The next step takes a tiny bit of practice, but if my first-grader can do it, you can too! Pour a ladle-full of batter into a greased skillet (try a measuring cup in 1/4 cup or 1/3 cup sizes, to get the right amount) then swirl it all around. Try to coat the bottom of the pan evenly with a thin film of batter before you set it back on the burner.
Then get ready to flip it: crepes cook fast. Use a flexible (and heat-safe) spatula to free the edges all the way around the pan. Slide the spatula underneath the center of the crepe, then lift and turn it over in one smooth motion. (Note: do this gently. It’s not quite like flipping pancakes. Try to avoid letting your crepe go fully airborne, or it’ll land in a crumpled heap.)
Voila! Fill your crepe with a little sweet ricotta, garnish it with berries and powdered sugar, and you have a beautiful and delicious crepe that will impress the heck out of your kids.
Ricotta Filled Crepes
- 1 tablespoon butter, unsalted
- 2 cup milk
- 2 large egg
- 1 teaspoon vanilla extract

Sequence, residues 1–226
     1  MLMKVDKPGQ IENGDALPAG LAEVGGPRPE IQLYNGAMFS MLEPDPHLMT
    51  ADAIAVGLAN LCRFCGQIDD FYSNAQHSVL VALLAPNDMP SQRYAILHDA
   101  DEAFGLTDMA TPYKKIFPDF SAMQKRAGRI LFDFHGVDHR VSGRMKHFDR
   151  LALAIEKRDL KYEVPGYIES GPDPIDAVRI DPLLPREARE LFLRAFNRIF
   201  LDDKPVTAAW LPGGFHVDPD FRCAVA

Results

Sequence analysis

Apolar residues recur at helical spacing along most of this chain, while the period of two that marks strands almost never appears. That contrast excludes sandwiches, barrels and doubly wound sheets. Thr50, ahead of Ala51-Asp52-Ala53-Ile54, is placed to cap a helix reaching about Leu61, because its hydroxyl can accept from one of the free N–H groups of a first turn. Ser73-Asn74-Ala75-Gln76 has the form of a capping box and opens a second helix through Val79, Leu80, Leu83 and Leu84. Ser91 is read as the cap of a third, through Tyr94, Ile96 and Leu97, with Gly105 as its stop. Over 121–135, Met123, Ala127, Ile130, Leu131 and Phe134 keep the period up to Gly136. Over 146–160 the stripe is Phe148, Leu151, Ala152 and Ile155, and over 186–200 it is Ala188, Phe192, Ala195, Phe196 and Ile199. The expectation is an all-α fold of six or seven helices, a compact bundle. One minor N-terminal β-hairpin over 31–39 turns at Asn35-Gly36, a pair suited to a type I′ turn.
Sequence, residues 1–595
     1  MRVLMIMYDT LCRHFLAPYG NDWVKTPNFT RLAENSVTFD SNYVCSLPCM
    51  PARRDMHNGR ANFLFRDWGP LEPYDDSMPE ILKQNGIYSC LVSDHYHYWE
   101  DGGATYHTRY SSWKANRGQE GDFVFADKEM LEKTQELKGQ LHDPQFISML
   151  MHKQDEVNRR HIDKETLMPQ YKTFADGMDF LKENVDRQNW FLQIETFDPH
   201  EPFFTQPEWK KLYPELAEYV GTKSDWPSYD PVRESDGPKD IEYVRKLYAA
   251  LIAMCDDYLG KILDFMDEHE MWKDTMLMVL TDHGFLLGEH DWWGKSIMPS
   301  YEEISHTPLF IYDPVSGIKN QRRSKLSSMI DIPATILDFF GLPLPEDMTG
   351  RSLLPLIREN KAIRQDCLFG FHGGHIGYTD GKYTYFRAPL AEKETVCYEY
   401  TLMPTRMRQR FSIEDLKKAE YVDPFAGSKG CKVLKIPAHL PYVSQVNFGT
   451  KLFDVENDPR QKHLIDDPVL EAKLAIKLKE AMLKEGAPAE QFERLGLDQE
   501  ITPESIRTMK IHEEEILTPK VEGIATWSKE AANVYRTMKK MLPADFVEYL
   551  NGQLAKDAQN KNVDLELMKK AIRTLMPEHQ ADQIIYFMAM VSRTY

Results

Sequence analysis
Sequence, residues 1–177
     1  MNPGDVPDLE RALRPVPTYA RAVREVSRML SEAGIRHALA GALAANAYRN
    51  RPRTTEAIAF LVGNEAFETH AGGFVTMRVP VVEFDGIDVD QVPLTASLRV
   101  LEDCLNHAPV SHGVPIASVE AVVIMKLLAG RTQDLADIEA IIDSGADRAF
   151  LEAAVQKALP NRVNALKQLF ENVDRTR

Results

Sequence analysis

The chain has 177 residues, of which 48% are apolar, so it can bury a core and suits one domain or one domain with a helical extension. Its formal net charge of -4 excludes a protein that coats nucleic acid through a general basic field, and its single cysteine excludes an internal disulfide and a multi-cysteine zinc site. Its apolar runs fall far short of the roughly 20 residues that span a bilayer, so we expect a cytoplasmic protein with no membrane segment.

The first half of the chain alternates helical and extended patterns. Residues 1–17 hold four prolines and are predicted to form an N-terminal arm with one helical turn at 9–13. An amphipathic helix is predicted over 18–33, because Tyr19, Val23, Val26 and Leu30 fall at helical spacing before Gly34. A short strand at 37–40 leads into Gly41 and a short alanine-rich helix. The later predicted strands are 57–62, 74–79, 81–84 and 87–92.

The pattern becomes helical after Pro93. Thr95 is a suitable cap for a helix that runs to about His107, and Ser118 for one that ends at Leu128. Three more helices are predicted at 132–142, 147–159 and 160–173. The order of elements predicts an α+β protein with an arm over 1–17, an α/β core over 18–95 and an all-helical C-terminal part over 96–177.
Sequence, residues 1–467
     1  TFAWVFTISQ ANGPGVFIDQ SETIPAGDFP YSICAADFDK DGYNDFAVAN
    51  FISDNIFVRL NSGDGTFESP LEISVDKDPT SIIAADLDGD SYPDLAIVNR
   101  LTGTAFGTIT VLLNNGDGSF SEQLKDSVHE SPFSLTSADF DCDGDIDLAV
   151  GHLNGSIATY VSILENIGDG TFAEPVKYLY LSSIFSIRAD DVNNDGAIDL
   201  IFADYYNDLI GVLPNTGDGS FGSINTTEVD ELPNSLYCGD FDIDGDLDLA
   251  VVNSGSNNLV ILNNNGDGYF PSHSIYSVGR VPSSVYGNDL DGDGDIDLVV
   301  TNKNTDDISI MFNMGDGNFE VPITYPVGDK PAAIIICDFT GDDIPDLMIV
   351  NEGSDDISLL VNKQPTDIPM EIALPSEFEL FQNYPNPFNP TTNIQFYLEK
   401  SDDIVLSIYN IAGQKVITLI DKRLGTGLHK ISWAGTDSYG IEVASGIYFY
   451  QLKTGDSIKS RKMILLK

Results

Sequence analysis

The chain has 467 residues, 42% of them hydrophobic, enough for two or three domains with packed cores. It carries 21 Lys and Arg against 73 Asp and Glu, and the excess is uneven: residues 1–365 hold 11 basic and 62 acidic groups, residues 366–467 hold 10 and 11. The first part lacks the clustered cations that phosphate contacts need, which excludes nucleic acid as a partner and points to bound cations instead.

- 1/4 teaspoon salt
- 1 1/4 cup white whole wheat flour
- 2 1/2 cup ricotta cheese, part skim milk
- 1/3 cup sugar
- 2 tablespoon powdered sugar
- 3 cup blueberries
- Melt and slightly cool the butter. Add the first six ingredients to a blender and blend until smooth.
- In a small mixing bowl, stir together ricotta cheese and sugar. Set aside.
- Spray a medium nonstick skillet with cooking spray or spread a teaspoon of butter in the bottom; preheat over medium.
- Once skillet is hot, pour 1/4 to 1/3 cup of batter into the pan and swirl it around until it coats the bottom. Cook for 1-2 minutes per side, or until the edges are golden. Remove from skillet and set aside. Continue until all crepes have been cooked. Spray pan in between each crepe to prevent sticking.
- Fill each crepe with 2-3 tablespoons ricotta mixture, without over-filling. Fold like an envelope.
- Sprinkle each crepe with powdered sugar and serve with blueberries.
I'm a registered dietitian, mom of 4, avid lover of food and strong promoter of healthy habits. Here you will find lots of delicious recipes full of fruits and veggies, tips for getting your kids to eat better and become intuitive eaters and lots of resources for feeding your family.Learn More about Natalie